This is such an important time to stand together in solidarity. I have personally been reflecting on my life, my views, my actions and my learnings over the last few weeks. I am committed to learning and unlearning in some cases, and to grow. To change and better myself. The current climate is important, it can be uncomfortable for some, but to educate ourselves about racism, is a privilege as it means we haven’t had to experience it ourselves. Use your voice. Sign those petitions and help to change this world.
During my postgraduate studies, I have learnt about how racism has infiltrated the field of mental health, psychology, psychiatry. Having completed an essay exploring how black and ethnic minority groups have higher drop out rates and poorer outcomes when undergoing Cognitive Behavioural Therapy for Psychosis. I had to step and ask myself – why? Why is this happening?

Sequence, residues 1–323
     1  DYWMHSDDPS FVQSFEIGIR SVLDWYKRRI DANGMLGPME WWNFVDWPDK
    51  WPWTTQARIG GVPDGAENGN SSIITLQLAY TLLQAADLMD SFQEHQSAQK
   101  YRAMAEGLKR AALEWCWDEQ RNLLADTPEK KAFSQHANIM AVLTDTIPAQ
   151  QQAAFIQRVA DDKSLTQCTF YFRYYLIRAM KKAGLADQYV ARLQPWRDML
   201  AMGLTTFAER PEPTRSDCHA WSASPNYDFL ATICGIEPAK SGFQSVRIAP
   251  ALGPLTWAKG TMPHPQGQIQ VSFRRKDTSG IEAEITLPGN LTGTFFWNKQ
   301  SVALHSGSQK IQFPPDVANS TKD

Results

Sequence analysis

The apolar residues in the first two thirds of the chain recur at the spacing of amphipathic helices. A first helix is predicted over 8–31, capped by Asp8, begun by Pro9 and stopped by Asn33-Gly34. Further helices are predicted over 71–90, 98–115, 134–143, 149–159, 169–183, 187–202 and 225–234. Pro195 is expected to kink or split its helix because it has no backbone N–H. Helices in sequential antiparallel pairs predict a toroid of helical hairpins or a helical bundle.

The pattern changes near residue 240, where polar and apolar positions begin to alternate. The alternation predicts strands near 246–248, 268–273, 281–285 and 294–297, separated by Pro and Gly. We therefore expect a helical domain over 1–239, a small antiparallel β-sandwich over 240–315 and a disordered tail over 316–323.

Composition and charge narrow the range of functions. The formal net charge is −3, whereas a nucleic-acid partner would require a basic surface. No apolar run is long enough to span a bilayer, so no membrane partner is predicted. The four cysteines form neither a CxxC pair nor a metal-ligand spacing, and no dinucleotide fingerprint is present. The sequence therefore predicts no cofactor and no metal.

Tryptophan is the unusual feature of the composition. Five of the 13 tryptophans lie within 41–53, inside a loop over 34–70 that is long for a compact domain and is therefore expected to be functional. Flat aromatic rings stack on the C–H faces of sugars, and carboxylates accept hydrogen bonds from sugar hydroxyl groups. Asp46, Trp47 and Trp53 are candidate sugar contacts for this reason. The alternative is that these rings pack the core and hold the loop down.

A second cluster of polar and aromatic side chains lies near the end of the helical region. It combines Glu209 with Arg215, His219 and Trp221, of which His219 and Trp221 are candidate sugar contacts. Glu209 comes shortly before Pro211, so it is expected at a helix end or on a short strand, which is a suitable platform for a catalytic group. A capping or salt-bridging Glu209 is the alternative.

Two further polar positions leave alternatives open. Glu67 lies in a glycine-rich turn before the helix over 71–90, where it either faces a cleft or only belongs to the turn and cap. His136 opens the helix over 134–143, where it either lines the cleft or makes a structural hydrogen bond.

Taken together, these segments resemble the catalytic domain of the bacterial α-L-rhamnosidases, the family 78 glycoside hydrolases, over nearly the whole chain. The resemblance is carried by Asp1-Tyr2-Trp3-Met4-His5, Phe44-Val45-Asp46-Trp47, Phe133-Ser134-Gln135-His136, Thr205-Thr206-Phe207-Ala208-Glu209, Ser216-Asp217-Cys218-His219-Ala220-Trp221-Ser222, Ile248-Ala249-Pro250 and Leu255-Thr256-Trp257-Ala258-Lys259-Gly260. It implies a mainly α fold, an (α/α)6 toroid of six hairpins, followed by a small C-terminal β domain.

Compared to their white counterparts, black people:
- Have a higher incidence rate of psychosis
- Black African and Black Caribbean groups in particular have a higher risk of Schizophrenia
- Have higher rates of being started with psychiatric drugs as a first line treatment compared to talking therapies
- Are more likely to be detained under the mental health Act
Racism & Mental Health:
“How does racism effect Mental Health?”
- Research suggests that experiencing racism can be very stressful and have a negative effect on overall health and mental health.
- Those exposed to racism may be more likely to experience mental health problems such as psychosis and depression.
- One 2016 report on the youth justice system in England and Wales found over 40% of children are from BAME backgrounds, and more than one third have a diagnosed mental health problem.